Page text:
Relevant news and research

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1. International Agency for Research on Cancer Working Group on the Evaluation of Carcinogenic Risks to Humans. Tobacco smoke and involuntary smoking. IARC monographs on the evaluation of carcinogenic risks to humans, Vol. 83.Lyon, France: IARC, 2004. Available from: http://monographs.iarc.fr/ENG/Monographs/PDFs/index.php

2. Office of Environmental Health Hazard Assessment and California Air Resources Board. Health effects of exposure to environmental tobacco smoke: Final report, approved at the panel's june 24, 2005 meeting. Sacramento: California Environmental Protection Agency, 2005. Available from: http://www.oehha.ca.gov/air/environmental_tobacco/2005etsfinal.html

3. US Department of Health and Human Services. The health consequences of involuntary exposure to tobacco smoke: A report of the surgeon general. Atlanta, Georgia: US Department of Health and Human Services, Centers for Disease Control and Prevention, Coordinating Center for Health Promotion, National Center for Chronic Disease Prevention and Health Promotion, Office on Smoking and Health, 2006. Available from: http://www.cdc.gov/tobacco/data_statistics/sgr/sgr_2006/index.htm

4. Llaquet H, Pichini S, Joya X, Papaseit E, Vall O, et al. Biological matrices for the evaluation of exposure to environmental tobacco smoke during prenatal life and childhood. Analytical and Bioanalytical Chemistry, 2009; 396(1):379–99. Available from: http://www.springerlink.com/content/4960m70q40652246/fulltext.html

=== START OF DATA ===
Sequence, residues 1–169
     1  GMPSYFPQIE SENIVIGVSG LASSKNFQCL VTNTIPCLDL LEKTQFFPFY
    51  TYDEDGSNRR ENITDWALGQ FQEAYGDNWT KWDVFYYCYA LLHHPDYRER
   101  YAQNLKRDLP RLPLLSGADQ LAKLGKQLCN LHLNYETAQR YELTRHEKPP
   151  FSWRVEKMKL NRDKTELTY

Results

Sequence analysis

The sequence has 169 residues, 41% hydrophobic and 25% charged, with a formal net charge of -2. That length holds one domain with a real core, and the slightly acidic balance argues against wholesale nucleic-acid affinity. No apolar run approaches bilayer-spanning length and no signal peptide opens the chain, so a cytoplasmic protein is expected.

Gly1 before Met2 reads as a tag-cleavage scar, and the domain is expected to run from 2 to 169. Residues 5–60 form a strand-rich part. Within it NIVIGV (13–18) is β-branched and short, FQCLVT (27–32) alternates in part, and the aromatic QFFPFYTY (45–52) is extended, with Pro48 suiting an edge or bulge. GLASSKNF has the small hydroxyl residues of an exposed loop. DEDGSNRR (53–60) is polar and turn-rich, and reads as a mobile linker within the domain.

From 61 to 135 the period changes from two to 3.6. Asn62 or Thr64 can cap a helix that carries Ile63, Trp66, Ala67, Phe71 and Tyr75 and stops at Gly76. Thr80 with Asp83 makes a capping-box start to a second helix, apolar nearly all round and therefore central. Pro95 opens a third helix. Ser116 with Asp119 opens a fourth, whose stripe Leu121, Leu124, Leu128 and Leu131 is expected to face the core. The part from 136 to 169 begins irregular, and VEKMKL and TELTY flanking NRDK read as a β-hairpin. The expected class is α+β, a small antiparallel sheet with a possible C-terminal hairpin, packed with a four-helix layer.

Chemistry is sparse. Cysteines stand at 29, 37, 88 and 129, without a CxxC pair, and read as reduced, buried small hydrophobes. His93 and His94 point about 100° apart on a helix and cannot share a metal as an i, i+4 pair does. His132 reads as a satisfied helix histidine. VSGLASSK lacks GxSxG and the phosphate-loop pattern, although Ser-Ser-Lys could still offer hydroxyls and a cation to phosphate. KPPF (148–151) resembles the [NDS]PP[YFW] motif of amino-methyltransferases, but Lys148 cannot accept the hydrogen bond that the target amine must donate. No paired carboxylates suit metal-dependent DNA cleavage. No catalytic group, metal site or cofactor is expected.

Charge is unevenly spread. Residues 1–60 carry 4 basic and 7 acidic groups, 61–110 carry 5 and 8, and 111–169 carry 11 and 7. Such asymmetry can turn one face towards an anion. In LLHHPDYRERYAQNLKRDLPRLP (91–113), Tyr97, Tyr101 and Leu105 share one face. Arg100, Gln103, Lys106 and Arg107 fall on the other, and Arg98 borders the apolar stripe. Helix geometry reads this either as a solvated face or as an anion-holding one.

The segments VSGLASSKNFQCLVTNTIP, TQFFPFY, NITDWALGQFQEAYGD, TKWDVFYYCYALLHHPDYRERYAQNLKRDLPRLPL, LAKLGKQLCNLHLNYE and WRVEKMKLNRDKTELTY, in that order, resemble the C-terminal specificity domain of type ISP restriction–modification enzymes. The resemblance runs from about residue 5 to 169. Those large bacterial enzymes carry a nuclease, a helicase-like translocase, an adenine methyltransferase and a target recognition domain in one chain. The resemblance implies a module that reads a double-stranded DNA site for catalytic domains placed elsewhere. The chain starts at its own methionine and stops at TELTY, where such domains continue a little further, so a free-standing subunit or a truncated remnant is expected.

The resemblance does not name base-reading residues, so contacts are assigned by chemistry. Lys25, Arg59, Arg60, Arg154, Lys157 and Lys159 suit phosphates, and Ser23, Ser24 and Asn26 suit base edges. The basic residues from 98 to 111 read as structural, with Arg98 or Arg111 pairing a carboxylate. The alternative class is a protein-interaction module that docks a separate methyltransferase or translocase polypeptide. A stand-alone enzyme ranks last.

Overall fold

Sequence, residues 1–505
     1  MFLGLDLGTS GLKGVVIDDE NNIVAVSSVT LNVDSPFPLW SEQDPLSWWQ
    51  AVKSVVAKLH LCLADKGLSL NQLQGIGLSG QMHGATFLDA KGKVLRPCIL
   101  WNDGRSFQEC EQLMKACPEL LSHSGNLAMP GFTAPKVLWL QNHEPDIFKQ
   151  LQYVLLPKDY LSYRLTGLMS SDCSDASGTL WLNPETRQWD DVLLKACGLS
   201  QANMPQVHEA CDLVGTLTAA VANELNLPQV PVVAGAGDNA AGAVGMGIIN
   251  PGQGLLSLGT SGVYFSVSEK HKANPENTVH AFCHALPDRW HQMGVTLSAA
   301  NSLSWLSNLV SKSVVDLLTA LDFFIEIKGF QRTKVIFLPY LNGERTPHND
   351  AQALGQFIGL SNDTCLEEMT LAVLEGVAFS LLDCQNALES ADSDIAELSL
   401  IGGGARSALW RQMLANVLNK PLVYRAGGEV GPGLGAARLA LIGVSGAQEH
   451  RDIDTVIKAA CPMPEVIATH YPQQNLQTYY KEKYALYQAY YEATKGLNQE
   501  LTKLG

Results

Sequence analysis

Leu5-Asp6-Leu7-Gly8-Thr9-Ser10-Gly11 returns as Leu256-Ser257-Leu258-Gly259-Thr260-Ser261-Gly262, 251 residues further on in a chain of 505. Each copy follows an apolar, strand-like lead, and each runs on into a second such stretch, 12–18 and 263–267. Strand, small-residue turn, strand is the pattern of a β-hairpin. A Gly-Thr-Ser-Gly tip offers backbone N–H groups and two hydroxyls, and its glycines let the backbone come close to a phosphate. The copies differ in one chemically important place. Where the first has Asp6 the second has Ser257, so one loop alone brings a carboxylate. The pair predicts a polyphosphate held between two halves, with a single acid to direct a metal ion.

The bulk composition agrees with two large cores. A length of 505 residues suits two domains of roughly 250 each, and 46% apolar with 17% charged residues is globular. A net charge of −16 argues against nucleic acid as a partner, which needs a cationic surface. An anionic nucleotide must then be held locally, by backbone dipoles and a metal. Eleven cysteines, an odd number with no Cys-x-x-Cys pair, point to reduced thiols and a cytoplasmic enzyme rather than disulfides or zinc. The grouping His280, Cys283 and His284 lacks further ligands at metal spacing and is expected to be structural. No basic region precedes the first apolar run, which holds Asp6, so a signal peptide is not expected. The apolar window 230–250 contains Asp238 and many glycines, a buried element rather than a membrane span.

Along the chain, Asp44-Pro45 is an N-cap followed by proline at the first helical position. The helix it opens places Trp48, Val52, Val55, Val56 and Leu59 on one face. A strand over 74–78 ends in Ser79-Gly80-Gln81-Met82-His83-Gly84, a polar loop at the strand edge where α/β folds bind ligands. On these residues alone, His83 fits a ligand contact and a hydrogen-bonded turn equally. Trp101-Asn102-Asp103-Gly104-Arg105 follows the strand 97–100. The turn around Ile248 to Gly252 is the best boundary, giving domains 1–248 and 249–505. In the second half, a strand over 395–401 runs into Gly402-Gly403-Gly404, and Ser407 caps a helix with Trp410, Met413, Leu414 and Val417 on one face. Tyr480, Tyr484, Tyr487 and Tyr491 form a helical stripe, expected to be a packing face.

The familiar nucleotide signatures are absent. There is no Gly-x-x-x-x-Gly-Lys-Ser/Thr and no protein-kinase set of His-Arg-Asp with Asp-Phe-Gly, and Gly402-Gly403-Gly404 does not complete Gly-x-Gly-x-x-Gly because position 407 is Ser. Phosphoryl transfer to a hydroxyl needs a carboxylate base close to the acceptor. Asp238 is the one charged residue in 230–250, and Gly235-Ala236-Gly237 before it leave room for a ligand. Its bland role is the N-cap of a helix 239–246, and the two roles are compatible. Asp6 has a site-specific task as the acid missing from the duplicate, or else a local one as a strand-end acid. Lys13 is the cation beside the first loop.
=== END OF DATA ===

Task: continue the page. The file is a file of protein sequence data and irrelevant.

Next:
5. Jones MR, Navas-Acien A, Yuan J, and Breysse PN. Secondhand tobacco smoke concentrations in motor vehicles. Tobacco Control, 2009; 18(5):399–404. Available from: http://tobaccocontrol.bmj.com/content/18/5/399.long

6. Edwards R, Wilson N, and Pierse N. Highly hazardous air quality associated with smoking in cars: New Zealand pilot study. The New Zealand Medical Journal, 2006; 119(1244):2294. Available from: http://www.nzma.org.nz/journal/119-1244/2294/

7. Sendzik T, Fong G, Travers M, and Hyland A. An experimental investigation of tobacco smoke pollution in cars Nicotine and Tobacco Research, 2009; 11(6):627–34. Available from: http://ntr.oxfordjournals.org/content/11/6/627.full

8. Rees VW and Connolly GN. Measuring air quality to protect children from secondhand smoke in cars. American Journal of Preventive Medicine, 2006; 31(5):363–8. Available from: http://www.ncbi.nlm.nih.gov/pubmed/17046406

9. Cameron M, Brennan E, Durkin S, Borland R, Travers MJ, et al. Secondhand smoke exposure (pm2.5) in outdoor dining areas and its correlates. Tobacco Control, 2010; 19(1):19–23. Available from: http://www.ncbi.nlm.nih.gov/pubmed/19850553